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Devil's Rock, The


Stars: Craig Hall, Matthew Sunderland, Gina Varela, Karlos Drinkwater

Director: Paul Campion

This has to be the first film from New Zealand set in the Channel Islands. A pity, then, that the outcome isn't happier.

It's 1944 and two Anzac commandos (Hall, Drinkwater) land on an island and discover an imprisoned demon. Yes, they do. The (female) demon, who can appear in various human forms to entice her prey, has been summoned by Nazi stormtroopers, but appears to have eaten most of them by the time the Kiwis arrive.

The Germans plan to use the demon to win the war, although how they plan to control her isn't clear, as she can only be kept at bay by a page from an ancient book, worn around the neck. You're right - that's no more convincing than anything else here. For instance, why does the surviving castle commandant (Sunderland) shoot one New Zealander and not the other? To supply the demon with fresh meat perhaps, although, judging by the liberal display of human entrails scattered about the place, she still has plenty to be going on with.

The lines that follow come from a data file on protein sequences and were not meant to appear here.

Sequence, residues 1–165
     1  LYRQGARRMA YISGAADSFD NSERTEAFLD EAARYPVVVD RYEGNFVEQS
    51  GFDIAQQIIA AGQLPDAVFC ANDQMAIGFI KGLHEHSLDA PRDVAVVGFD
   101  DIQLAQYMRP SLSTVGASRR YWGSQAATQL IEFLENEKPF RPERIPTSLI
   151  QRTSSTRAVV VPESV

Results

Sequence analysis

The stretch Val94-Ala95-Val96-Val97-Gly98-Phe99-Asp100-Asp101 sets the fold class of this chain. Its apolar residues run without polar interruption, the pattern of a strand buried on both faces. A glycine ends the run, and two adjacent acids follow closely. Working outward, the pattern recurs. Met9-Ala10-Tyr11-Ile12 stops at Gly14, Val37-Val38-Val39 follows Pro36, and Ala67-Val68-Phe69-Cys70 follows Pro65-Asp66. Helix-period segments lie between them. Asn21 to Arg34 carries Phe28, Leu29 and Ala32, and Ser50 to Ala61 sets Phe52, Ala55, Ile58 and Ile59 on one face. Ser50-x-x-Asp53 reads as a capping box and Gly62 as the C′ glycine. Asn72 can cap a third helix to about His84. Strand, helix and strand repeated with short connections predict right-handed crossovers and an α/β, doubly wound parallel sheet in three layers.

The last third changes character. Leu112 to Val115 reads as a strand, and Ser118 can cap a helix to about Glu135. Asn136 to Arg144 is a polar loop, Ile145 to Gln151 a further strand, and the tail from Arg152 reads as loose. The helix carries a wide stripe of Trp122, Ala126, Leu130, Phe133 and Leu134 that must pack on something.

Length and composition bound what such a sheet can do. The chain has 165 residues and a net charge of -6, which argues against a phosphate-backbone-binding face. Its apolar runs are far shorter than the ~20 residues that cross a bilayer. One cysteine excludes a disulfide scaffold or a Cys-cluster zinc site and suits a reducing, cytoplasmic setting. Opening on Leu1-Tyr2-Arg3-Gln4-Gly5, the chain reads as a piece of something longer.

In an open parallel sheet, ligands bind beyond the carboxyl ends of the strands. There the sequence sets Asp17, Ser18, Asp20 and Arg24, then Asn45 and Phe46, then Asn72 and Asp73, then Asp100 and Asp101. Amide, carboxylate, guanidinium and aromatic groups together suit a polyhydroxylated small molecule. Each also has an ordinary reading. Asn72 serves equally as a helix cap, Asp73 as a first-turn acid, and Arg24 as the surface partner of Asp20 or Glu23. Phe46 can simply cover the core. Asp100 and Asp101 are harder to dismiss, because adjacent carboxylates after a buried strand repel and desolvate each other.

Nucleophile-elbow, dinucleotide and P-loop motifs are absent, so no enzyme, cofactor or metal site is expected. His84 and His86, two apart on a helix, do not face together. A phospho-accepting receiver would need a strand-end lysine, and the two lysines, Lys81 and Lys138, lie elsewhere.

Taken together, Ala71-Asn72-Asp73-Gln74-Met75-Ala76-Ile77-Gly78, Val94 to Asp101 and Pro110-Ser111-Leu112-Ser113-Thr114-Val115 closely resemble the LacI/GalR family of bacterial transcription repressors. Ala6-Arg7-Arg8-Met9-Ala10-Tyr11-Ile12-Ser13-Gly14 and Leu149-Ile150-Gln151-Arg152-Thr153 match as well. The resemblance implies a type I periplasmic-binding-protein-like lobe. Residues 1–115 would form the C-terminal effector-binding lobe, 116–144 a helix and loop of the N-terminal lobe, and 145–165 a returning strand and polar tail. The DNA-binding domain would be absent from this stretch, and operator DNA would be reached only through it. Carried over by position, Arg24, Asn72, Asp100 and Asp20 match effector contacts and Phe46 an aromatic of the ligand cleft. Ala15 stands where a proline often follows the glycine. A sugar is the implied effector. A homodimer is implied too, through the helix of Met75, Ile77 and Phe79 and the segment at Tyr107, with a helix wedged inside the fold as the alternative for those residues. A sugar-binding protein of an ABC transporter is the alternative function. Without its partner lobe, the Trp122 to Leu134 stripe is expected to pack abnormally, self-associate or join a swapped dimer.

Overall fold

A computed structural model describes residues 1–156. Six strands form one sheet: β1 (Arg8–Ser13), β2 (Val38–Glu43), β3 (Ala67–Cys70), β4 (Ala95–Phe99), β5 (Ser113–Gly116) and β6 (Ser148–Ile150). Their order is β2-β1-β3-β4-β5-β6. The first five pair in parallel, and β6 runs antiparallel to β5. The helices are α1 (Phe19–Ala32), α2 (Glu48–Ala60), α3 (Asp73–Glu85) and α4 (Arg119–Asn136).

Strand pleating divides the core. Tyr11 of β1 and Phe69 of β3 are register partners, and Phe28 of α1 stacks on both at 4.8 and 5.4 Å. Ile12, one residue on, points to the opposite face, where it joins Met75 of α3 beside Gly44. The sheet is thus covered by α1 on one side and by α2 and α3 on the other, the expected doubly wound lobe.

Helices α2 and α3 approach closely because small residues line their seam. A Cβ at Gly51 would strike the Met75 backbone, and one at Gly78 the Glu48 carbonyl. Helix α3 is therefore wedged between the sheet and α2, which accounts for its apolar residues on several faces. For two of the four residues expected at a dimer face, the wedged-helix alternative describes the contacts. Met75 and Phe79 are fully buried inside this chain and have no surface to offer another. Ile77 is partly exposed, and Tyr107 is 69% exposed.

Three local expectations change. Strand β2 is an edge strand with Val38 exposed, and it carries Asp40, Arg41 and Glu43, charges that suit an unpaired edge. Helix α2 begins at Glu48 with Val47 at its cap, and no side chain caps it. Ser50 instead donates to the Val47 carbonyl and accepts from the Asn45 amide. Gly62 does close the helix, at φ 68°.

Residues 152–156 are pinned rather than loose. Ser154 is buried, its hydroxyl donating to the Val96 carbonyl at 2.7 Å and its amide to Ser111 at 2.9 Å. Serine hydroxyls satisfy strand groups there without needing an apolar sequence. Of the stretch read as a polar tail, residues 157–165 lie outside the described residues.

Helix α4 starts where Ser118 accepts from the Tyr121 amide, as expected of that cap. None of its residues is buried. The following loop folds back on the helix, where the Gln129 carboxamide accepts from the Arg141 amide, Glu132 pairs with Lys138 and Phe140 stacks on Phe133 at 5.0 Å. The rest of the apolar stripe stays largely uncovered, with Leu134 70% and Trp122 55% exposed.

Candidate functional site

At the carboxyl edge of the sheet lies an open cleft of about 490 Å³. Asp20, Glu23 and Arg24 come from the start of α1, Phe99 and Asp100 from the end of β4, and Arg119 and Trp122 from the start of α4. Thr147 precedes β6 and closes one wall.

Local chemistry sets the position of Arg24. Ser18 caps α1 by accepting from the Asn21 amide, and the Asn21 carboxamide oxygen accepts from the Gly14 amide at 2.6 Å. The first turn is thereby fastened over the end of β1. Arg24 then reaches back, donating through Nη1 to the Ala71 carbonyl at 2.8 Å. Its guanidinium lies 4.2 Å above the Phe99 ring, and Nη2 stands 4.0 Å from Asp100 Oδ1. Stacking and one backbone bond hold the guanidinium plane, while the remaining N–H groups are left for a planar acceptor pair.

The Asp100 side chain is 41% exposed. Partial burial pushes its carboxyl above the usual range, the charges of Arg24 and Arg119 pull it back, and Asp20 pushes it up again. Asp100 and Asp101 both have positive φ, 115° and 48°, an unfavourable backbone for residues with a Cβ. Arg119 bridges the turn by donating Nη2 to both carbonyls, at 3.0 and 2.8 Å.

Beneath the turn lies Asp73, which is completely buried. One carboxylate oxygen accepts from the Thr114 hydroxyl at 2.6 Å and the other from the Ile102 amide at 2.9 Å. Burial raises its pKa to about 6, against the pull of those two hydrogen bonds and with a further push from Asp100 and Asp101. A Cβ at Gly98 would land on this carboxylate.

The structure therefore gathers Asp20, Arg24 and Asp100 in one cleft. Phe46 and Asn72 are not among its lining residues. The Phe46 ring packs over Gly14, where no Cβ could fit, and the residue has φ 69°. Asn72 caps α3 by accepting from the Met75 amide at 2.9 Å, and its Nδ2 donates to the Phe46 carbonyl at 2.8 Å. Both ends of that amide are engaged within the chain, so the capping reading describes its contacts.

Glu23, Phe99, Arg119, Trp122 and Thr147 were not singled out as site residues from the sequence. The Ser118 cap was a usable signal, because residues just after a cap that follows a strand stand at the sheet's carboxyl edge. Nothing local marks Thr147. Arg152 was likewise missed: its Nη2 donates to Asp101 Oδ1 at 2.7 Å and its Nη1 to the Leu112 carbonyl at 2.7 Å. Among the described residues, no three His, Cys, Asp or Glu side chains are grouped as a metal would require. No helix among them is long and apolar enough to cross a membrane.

The film is pretty slow to begin with - lots of creeping along corridors - and you long to tell the director to get on with it. The guys are good enough, but Varela isn't much of an actress as the human side of the demon, and the mild twist at the end is a bit of a swiz that only makes you wish the writers could have thought of something better.

Shot in bizarre colour that eschews yellows, blues and greens, the film has an almost ridiculous amount of gore - it varies from red to black - that should please those who like that kind of thing. It's original, I suppose, though that doesn't make it any less ludicrous.

David Quinlan

New Zealand 2011. UK Distributor: Metrodome. Cinecolor.
86 minutes. Widescreen. UK certificate: 18.

Guidance ratings (out of 3): Sex/nudity 1, Violence/Horror 3, Drugs 0, Swearing 2.

Review date: 05 Jul 2011